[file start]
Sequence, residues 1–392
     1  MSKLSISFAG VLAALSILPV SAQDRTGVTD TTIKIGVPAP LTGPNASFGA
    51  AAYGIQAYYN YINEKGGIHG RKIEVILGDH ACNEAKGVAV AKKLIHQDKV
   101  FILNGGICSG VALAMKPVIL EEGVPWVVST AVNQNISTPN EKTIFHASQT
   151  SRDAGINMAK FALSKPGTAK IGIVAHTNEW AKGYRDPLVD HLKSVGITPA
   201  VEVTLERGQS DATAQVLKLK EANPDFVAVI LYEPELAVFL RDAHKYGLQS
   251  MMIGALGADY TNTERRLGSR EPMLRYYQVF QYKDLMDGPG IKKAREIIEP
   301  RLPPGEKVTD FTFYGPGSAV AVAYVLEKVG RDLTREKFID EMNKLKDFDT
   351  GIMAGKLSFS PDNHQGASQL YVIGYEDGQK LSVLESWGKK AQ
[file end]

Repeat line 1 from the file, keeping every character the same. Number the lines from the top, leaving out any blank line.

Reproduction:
Sequence, residues 1–392